By: Steven Church |
Dallas-based Energy Future Holdings has received more than one bid for its Oncor electricity-transmission unit and is beginning the second phase of a bankruptcy court-supervised auction process for the company’s most valuable asset, a lawyer said Tuesday in court.
In about six weeks, the company may announce its choice of a stalking horse bidder to make the opening offer should the auction be held, company attorney Stephen Hessler told the judge overseeing the bankruptcy in Wilmington, Delaware.
Energy Future agreed last year to put its 80 percent stake in Oncor up for auction after lower-ranking creditors rebelled against the power company’s original plan. Since then, Energy Future has been soliciting offers for Oncor — the regulated utility that operates and maintains the power lines in North Texas — as it negotiates with creditor groups on a full reorganization structure.
After the hearing, Hessler said the company will now negotiate with bidders seeking to be named the stalking horse for the auction. If the company picks a stalking horse, Energy Future will file a notice with the court, as is typical in bankruptcy, Hessler said.
In bankruptcy auctions, the stalking horse often has an advantage over other bidders because it can receive a breakup fee if it loses the auction. And if no other bidders participate, the stalking horse automatically wins.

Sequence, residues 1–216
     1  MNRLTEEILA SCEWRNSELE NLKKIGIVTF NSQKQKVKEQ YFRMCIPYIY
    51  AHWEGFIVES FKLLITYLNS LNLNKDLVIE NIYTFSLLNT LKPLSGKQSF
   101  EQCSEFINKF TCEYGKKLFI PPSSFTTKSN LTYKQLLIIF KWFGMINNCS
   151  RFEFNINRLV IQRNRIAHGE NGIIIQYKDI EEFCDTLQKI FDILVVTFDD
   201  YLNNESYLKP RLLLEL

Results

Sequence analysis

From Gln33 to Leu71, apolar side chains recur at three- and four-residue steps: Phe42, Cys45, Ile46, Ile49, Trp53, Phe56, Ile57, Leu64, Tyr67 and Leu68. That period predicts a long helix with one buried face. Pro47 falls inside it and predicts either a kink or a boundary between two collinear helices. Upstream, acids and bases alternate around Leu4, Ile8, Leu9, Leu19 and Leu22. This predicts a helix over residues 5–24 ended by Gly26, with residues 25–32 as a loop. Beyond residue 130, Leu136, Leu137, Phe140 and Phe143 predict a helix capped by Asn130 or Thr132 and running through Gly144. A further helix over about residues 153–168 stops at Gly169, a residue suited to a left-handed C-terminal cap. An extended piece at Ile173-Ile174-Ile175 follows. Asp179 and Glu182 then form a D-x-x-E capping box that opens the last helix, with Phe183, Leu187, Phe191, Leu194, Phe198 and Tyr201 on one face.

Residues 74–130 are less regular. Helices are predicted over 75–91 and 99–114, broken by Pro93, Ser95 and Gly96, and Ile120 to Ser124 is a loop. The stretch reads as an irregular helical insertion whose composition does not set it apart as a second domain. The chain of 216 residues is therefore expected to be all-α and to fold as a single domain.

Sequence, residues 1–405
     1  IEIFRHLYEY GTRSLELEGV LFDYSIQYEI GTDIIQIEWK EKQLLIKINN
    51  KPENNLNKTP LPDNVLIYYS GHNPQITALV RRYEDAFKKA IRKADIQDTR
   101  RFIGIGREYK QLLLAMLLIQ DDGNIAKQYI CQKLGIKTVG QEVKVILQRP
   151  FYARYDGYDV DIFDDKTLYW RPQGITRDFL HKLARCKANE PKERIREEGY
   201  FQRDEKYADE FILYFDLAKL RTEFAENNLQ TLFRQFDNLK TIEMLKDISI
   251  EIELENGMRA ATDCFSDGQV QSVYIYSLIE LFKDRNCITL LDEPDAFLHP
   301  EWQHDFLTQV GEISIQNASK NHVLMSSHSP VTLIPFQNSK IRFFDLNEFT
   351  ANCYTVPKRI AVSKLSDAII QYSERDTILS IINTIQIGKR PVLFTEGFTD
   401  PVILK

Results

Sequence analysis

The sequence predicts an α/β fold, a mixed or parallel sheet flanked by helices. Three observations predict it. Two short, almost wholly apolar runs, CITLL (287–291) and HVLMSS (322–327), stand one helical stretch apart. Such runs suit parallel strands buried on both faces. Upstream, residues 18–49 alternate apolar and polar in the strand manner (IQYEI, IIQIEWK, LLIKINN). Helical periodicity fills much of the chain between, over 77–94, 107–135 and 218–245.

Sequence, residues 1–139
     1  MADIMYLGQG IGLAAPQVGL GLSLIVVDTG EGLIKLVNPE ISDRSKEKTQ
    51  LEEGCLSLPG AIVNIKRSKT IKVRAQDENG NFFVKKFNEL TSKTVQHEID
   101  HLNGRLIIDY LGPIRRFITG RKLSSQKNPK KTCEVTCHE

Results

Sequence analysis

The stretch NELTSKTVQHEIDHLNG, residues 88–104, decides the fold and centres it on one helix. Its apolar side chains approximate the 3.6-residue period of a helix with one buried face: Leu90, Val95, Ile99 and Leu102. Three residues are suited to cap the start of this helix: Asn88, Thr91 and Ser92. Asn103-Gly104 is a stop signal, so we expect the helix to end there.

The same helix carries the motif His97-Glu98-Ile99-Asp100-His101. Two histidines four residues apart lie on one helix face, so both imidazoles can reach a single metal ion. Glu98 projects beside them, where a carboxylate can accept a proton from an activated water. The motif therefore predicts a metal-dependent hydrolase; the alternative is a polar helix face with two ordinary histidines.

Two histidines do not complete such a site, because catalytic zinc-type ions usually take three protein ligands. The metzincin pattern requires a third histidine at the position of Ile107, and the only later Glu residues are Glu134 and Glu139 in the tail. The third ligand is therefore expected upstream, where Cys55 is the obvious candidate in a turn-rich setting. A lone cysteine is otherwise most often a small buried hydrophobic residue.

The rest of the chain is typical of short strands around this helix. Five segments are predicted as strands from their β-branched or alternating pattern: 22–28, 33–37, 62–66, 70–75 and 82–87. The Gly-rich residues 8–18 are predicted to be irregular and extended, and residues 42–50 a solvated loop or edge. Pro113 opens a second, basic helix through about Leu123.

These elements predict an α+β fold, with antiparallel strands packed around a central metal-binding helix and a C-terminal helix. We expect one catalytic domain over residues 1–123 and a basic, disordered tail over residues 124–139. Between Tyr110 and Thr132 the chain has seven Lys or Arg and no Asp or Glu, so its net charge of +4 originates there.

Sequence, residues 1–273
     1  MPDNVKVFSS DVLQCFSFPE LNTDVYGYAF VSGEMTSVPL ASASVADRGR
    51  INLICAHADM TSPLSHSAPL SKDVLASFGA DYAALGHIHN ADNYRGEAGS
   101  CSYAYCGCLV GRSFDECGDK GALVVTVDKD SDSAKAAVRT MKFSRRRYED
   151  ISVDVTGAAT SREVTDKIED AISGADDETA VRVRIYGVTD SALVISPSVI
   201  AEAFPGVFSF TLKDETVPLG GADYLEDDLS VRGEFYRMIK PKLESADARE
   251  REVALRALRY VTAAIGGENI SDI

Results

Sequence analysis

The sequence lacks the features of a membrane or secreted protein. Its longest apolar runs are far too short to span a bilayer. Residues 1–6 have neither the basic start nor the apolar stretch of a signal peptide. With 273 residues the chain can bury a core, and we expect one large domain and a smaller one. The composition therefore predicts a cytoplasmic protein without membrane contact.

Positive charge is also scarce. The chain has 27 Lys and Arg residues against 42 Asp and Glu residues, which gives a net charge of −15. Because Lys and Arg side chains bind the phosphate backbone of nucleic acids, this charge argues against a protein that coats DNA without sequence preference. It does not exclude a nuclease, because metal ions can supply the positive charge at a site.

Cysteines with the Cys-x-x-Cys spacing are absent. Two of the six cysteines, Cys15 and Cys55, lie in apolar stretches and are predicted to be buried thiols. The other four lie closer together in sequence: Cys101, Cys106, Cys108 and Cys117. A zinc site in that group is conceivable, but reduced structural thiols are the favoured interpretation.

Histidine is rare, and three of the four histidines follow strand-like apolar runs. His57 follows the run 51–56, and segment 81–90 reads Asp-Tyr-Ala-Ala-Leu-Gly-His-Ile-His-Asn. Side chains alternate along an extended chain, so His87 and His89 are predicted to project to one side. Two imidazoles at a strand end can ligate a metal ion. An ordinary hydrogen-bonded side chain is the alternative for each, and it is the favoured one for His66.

Oncor is the biggest electricity-transmission company in Texas. One potential bidder last year valued it at $17.5 billion.
When EFH filed for bankruptcy last April, it had a plan to restructure about $42 billion in liabilities in part by trading Oncor to a favored group of creditors in exchange for debt reduction. Dissenting creditors succeeded in derailing that proposal.
The company still plans to pursue a complicated reorganization based on avoiding certain tax liabilities, a proposal opposed by some creditor groups. On March 9, the company sent a revised reorganization proposal to creditors that includes estimates for how much money each class of debt-holders may recover, an EFH attorney, Edward Sassower of the law firm Kirkland & Ellis, said in court.
Creditors disagree with each other and with EFH’s controlling investors over the tax-avoidance proposal. At Tuesday’s hearing, Energy Future won court permission to pay some of its second-tier debt to save future interest payments.
Hessler did not say when the auction may be held.
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